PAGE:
Storage hub event spiced with a pinch of salt
June 7, 2019
There was a lot of salty talk Thursday at the Hilton Garden Inn at Southpointe.
Natural gas liquids storage was the focal point of the third annual Appalachian Storage Hub Conference. The proposed hub, focused in the Ohio River Valley, is a $10 billion infrastructure project that would provide a midstream hydrocarbon storage system. It is related to the oil and gas industry.
Raw-material hydrocarbons such as ethane and butane would be placed separately in underground salt or hard rock caverns – 6,000 feet down. Many of the energy and chemical professionals who were on hand, to speak or to observe, seemed to have a preference.
“Salt is best,” one corporate official said from the audience.
“Ethane is not stored in any hard rock caverns today,” said another.
A storage hub feeds ethane to cracker plants, such as the $6 billion facility that Shell is building in Potter Township, Beaver County. The plant “cracks” ethane molecules into petrochemical building blocks that can be refined to create polyethylene, a plastic used for various purposes.
Salt cavern storage, according to the website storengy: “involves a series of caverns leached out of the deep, thick layers of rock salt. The caverns are created by injecting water to dissolve the salt, which is then extracted in the form of brine. There is then room for natural gas, which is injected and stored in gaseous form at high pressure.
“Impermeable and non-porous, these caverns are remarkably waterproof.”
The six-hour session played out before a decidedly pro-industry crowd, and also featured talk about other cracker plant projects being considered across the tri-state, along with pipelines, different energy sources and opportunity zones.
Joe Barone, president of Shale Directories, and Tom Gellrich, chief executive officer of TopLine Analytics, organized the event. Barone’s website, ShaleDirectories.com, connects the oil and gas industry with local businesses. Gellrich’s firm consults with the energy industry on downstream impacts of shale gas.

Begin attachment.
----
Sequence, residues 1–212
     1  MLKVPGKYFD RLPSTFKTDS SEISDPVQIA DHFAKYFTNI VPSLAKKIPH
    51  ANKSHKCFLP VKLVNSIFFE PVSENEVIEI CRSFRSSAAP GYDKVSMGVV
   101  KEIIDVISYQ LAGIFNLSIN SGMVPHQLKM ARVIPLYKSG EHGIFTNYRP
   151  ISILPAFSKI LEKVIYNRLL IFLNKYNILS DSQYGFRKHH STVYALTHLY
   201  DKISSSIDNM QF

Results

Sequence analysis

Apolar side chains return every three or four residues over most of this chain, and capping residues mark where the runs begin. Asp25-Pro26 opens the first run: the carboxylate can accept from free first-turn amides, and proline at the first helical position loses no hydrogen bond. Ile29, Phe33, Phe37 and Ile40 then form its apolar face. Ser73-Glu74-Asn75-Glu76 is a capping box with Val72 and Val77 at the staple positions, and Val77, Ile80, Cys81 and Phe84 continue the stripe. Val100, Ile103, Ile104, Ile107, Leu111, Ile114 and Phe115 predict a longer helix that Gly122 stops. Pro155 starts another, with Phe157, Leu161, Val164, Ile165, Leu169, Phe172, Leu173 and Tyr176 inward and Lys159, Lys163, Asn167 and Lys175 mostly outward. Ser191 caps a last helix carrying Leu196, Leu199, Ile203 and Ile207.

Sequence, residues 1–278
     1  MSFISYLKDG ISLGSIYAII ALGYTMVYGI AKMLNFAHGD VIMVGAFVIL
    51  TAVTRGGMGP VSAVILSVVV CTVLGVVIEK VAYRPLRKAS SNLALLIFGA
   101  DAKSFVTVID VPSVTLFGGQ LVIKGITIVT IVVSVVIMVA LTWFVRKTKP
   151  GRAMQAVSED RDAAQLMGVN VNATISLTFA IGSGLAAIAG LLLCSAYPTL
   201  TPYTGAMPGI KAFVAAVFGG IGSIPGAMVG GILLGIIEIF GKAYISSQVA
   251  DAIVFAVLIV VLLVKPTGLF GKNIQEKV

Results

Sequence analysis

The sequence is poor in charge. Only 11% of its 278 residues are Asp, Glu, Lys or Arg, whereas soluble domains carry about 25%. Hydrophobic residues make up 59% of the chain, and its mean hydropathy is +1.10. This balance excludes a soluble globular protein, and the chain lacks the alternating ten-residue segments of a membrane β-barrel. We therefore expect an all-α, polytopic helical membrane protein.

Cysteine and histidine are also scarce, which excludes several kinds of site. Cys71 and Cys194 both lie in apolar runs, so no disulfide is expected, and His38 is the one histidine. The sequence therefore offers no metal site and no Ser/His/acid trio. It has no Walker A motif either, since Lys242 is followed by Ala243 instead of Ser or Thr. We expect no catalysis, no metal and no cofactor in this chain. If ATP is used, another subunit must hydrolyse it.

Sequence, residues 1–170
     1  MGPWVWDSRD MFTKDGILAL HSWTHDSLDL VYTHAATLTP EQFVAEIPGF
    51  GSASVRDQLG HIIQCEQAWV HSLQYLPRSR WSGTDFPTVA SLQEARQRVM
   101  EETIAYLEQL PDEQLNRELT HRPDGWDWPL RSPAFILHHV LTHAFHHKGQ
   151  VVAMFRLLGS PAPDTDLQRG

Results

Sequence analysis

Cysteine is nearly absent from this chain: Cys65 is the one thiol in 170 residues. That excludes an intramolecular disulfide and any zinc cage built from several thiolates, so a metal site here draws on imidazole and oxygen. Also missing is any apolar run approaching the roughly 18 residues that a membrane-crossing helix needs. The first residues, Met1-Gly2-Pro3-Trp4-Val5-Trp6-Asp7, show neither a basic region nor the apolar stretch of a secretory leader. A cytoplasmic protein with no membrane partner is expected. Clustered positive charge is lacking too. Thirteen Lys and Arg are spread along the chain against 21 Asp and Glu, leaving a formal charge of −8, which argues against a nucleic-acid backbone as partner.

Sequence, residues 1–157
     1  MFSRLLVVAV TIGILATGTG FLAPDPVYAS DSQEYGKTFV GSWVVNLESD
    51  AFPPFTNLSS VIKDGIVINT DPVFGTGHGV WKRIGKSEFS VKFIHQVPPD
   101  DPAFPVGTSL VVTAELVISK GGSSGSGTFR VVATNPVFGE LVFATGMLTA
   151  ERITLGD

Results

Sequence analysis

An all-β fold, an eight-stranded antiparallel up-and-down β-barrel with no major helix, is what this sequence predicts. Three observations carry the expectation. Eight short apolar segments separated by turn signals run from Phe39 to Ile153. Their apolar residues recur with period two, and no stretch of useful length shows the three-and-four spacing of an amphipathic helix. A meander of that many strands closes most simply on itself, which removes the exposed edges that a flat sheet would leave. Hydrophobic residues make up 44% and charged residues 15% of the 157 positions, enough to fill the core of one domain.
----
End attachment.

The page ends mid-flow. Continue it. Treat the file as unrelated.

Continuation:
Gellrich kicked off the program with a list of industry-related predictions for the next 10 years. Among the highlights: the PTTGC ethane cracker, on the verge of approval for Dilles Bottom in Belmont County, Ohio, will get the go-ahead this year; that Shell, out of space, will announce plans to expand the Beaver County cracker in 2023 and again in 2028; and that in 2030, U.S. News & World Report will include the region on its list of the Top 10 Places to Work.
Jason Stechschulte, business development manager for MPLX LP, a partner with MarkWest Energy, touted a full portfolio of energy sources. “All forms are needed and fossil fuels will continue to be the lion’s share,” he said. “Fossil fuels make our lives easier.”
Rick DeCesar, a Washington County resident for 15 years, was part of a panel discussion during the morning session. He is vice president of pipeline and midstream services at AECOM in Pittsburgh, and said his firm has been a maintenance provider for the Beaver cracker since the beginning. DeCesar said 15 to 20 percent of the Falcon Pipeline, which will transport ethane to that plant, is in the ground.
Bryce Custer, of NAI Ohio River Corridor, spoke about opportunity zones, which he called “a great gift.” He said the basic concept of these zones “is forged in a fractured economy,” and that the purpose is to drive economic development in low-income areas.
Custer said there are 320 opportunity zones in Ohio, 300 in Pennsylvania and 55 in West Virginia. Using a map, he pinpointed several areas in the Ohio River Valley. Moundsville, according to Custer, is “a great area” for development. It is essentially across the river from the PTTGC proposed cracker.
Asked about potential environmental impacts of various energy endeavors, Custer replied: “I couldn’t say. The companies that are here are out to make a profit, but they want to do it right. If you can control environmental issues, this can be a major benefit.”
He closed by saying: “We are at the beginning of an economic revolution along the Ohio River corridor.”